Competition: Is it Good or Bad?
Don't Try to Be Better Than Others. Try to Be better Than Yourself.
Carlos Gershenson, Researcher
Definition of Competition
The act or process of trying to get or win something others are also trying to get or win." Merriam Webster Dictionary
Competition is an interesting phenomenon. It can make us better, faster or produce more. These days in business many think it is a necessary advantage. Managers believe that competition is a must in motivating people to produce the big win. And yet, arduous, ruthless competition can produce anxiety and even failure for many individuals involved in these businesses.
Whether we are in the nonprofit or for-profit field we cannot escape the competitive leanings of work. If we just sell more products or attract a bigger number at a nonprofit event, we might just get more money from a funder or an award from our company. But is it worth it in the long run?
College admissions, sports, the workplace and so many others have gotten egg on their face through competition. Just think of Lance Armstrong, the competitive cyclist who won seven consecutive Tours de France. He was disqualified and his medals returned after THE doping scandal of the last few decades. Armstrong was found guilty of the very thing he denied for years.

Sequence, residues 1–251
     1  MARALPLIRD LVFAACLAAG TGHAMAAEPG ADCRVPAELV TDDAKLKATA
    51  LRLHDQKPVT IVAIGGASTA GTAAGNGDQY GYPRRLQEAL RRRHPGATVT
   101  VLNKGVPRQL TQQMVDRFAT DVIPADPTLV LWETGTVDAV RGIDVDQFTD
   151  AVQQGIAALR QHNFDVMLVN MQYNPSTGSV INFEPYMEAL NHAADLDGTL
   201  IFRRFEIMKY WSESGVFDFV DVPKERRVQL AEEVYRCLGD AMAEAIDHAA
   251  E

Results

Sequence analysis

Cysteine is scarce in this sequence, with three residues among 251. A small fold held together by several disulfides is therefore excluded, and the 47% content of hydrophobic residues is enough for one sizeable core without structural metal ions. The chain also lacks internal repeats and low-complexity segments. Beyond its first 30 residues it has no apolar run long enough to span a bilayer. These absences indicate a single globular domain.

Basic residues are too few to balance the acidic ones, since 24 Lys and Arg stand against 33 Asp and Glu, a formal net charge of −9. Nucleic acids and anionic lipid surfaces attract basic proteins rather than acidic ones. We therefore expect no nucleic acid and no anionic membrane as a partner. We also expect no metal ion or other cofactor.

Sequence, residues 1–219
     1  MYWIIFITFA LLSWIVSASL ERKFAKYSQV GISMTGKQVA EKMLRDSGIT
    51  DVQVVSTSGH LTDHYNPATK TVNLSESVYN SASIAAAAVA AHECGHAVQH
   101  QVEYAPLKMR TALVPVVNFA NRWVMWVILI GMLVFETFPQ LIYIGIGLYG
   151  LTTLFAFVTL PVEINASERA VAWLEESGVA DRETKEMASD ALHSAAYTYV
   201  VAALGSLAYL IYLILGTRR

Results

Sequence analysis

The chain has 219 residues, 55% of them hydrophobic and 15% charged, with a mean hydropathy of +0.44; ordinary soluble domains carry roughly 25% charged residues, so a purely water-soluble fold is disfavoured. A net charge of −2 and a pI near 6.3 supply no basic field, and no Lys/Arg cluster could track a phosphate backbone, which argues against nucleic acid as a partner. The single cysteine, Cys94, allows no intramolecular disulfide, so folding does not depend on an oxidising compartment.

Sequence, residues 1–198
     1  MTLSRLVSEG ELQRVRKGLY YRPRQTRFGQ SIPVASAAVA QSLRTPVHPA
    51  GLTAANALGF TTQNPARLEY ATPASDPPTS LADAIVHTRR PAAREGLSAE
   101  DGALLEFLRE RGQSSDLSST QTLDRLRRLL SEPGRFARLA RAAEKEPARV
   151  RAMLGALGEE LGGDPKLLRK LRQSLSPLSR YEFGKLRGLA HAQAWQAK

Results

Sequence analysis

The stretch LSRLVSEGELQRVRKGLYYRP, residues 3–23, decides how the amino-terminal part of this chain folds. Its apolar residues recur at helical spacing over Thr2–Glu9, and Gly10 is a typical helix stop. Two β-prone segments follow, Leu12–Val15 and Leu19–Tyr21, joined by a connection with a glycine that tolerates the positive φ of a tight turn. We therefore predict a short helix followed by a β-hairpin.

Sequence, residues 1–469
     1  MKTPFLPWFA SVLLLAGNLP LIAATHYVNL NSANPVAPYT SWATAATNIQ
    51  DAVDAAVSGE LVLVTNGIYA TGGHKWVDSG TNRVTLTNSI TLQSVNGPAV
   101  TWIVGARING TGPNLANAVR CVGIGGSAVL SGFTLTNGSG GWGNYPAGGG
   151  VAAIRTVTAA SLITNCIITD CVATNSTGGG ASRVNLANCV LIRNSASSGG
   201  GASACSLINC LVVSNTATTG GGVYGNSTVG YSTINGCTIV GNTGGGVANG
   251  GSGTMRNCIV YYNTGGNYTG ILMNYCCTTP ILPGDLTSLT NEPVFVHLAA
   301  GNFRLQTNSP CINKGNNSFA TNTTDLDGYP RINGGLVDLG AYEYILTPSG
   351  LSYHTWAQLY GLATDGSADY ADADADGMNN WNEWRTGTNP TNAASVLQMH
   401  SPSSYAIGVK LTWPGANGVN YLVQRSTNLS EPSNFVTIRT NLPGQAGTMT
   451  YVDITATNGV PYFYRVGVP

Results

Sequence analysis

The Federal Trade Commission (FTC) says "competition in the marketplace is good for consumers and good for business." Antitrust laws encourage companies to compete so that both consumers and businesses benefit.
Yet, as we know, when we look at technology, it seems as though competing ventures have been eaten up by the mega corporations! Mergers have taken over the internet and other areas that used to see healthy competition. The FTC and organizations like the American Antitrust Institute are suppose to level the playing field in the marketplace. But is this really happening fast enough and is it protecting the smaller innovative companies?
My sense is that competition has gotten out of control, and it's done nothing to improve the morale of the worker. We do not want to build a labor culture of scarcity and fear.
Winning at all costs doesn't necessarily encourage putting our best foot forward. And, by diminishing others, does anyone think this practice supports a positive environment for employees.
The answer is emerging, competition in these forms might not be beneficial. But competition against ourselves, and being the best we can be, encourages our better self to surface. For a real challenge, try celebrating one another's accomplishments.
In my book called RESPECT, I have included chapters that uncover ways to promote healthy competition. These topics range form cultivating trust, building empowerment, developing and implement values, and much more. Check it out on Amazon.